Saudi Arabia’s General Sports Authority reveals strategy to support sports

General Sports Authority President Prince Abdul Aziz bin Turki Al-Faisal, center, with officials of the Kingdom’s sports clubs during a press conference on Saturday. (AN photo by Huda Bashatah)
Updated 22 July 2019

Saudi Arabia’s General Sports Authority reveals strategy to support sports

  • Goal is to implement an effective governance system that supports and maintains the clubs

JEDDAH: The General Sports Authority (GSA) revealed “a new chapter for sports in Saudi Arabia” at a press conference on Saturday, crediting Crown Prince Mohammed bin Salman for his “limitless” support.

The GSA’s new strategy has been developed “after careful study with prominent international experts, and with the help of federations around the world, to reach our desired goals,” Prince Abdul Aziz bin Turki Al-Faisal, president of the GSA, revealed.

“What our clubs currently lack from our strategy is governance, and they have a huge financial deficit, and are not activating other types of sports, and have an unsustainable future,” he said. 

“We have 170 clubs today, participating in 22 sports and in 56 active federations. Seventy-nine clubs participate in four-to-five different sports, and only five clubs participate in more than 12 sports. 

Sports economy

Our goal is to implement an effective governance system that supports and maintains the clubs, increases the level of competitiveness across all sports, organizes the financial process and creates a flourishing sports economy.”

Al-Faisal explained that the government has allocated SR2.5 billion ($667 million) to the new project, and announced that the country’s professional sports leagues would each receive SR50 million, with an additional SR10 million “related to the development of club facilities.”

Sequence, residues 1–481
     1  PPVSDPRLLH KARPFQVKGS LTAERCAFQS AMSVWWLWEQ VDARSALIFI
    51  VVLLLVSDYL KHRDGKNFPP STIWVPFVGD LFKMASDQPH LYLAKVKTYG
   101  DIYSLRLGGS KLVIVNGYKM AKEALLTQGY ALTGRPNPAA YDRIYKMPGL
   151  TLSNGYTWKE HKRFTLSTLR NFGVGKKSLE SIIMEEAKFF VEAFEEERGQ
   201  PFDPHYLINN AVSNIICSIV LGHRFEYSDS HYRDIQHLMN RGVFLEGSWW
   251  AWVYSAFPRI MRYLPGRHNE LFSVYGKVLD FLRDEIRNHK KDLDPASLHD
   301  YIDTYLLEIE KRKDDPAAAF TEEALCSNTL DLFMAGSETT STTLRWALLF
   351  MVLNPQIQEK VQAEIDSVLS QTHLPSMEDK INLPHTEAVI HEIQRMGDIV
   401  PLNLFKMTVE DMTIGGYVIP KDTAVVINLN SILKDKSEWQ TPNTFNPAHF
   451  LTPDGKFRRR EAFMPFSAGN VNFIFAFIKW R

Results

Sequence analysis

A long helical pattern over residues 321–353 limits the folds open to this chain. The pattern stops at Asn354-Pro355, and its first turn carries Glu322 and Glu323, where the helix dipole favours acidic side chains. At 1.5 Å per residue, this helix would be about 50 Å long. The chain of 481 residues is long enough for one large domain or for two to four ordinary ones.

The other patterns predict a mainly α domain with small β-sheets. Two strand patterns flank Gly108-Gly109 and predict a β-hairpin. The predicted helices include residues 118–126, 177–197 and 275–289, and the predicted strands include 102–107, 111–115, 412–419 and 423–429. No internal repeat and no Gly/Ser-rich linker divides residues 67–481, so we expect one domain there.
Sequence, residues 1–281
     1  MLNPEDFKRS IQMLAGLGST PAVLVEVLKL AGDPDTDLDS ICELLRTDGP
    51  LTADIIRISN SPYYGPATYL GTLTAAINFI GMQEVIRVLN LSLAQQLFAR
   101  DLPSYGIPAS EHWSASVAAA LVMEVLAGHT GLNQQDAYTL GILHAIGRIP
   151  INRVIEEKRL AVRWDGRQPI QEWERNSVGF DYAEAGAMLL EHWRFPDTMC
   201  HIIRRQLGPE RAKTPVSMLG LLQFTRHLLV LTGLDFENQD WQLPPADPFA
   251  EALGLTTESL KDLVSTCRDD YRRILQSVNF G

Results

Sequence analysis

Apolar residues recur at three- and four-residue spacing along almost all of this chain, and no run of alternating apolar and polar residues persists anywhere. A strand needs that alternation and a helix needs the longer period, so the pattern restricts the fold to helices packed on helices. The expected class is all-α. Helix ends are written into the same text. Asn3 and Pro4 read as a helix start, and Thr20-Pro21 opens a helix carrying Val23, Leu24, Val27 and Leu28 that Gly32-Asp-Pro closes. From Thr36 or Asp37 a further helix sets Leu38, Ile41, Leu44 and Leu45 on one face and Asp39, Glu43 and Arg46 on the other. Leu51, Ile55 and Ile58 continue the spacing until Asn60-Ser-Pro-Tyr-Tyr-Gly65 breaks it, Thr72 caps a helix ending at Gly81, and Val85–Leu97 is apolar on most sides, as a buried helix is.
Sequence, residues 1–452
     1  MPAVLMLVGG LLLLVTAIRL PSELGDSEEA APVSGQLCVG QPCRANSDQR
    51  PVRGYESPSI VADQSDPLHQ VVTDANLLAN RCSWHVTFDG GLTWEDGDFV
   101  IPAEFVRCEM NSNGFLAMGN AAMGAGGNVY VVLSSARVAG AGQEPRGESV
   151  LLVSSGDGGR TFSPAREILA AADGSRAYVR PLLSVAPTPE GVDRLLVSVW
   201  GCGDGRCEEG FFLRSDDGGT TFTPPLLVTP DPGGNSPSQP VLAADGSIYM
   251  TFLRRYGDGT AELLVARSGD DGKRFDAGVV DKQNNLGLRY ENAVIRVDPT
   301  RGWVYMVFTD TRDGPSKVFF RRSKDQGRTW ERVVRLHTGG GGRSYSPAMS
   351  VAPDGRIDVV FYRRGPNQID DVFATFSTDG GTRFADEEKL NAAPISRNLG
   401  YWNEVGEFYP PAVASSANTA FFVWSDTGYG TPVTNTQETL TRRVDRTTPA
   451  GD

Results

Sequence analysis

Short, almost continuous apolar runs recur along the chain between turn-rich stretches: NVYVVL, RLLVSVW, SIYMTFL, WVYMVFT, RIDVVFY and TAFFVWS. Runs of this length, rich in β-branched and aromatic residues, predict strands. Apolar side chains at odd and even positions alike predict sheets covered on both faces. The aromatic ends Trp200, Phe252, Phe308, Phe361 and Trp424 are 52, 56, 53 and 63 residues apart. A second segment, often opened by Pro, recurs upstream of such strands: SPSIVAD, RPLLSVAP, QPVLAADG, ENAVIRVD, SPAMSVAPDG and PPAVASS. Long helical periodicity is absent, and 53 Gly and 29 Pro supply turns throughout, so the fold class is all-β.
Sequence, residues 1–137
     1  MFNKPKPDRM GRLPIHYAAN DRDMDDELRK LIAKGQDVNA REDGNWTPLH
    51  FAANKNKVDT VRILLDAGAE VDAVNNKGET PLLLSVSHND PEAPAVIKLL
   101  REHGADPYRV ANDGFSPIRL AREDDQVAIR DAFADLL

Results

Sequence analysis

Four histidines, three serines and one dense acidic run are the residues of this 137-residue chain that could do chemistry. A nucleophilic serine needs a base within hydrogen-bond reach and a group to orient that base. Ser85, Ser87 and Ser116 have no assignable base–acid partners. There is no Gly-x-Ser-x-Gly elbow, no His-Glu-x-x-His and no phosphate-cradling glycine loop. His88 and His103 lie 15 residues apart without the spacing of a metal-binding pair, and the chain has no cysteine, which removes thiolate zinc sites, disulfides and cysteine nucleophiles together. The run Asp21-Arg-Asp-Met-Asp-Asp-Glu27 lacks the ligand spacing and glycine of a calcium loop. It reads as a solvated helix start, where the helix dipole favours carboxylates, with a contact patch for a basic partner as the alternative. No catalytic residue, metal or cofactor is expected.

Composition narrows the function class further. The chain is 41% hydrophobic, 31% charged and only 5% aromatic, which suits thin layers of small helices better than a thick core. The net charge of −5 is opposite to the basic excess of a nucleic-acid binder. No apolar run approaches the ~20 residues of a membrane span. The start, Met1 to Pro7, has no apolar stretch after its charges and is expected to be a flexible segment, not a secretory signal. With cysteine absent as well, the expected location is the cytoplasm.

IN NUMBERS

• SR2.5 billion  the budget for  GSA’s strategy.

• SR50 million for each professional league.

He also stressed that the GSA’s strategy is not focused solely on football.
“Sports means all sports,” he said. “This step is the first stage to support and activate these sports before the announcement of the strategies that are special to the federations. The system to support different sports has a specialized SR480 million (dedicated to it).”

Al-Faisal also revealed that a “unified points system” had been used to measure the popularity of various sports, which were then ranked in two categories. Volleyball, basketball, handball, tennis and athletics are included in the first category, while karate, cycling, table tennis, swimming and taekwondo are included in the second.


Saudi center for disease prevention signs agreement with Swedish agency

Updated 16 December 2019

Saudi center for disease prevention signs agreement with Swedish agency

  • The two parties agreed to promote and develop public health initiatives of common concern

RIYADH: The National Center for Disease Prevention and Control has signed a cooperation agreement with the Public Health Agency of Sweden.

The agreement will strengthen ties and enhance cooperation between the two countries in public health within the framework of cooperation prepared in 2019.

On behalf of the center, Dr. Abdullah Al-Gwizani, executive director-general, signed the agreement with his Swedish counterpart, Dr. Johan Carlsson.

The two parties agreed to promote and develop public health initiatives of common concern, as well as outlining the fields of work covered.

These fields included the workforce, organizational development, institutional strategy, business planning, specialized microbiology laboratories, health economics, non-communicable disease prevention, promotion of healthy lifestyles, the monitoring of communicable and non-communicable diseases, and health improvement.

Dr. Al-Gwizani said that the agreement would last for five years. It would then be reviewed and renewed after the agreement of both parties.

“These agreements reinforce the center’s role in creating new health practices and developing the performance of the public health sector,” he said. “Benefiting from well-established organizations such as the Public Health Agency of Sweden confirms our eagerness to convey the best practices to the public health sector locally, as well as exchanging experiences.”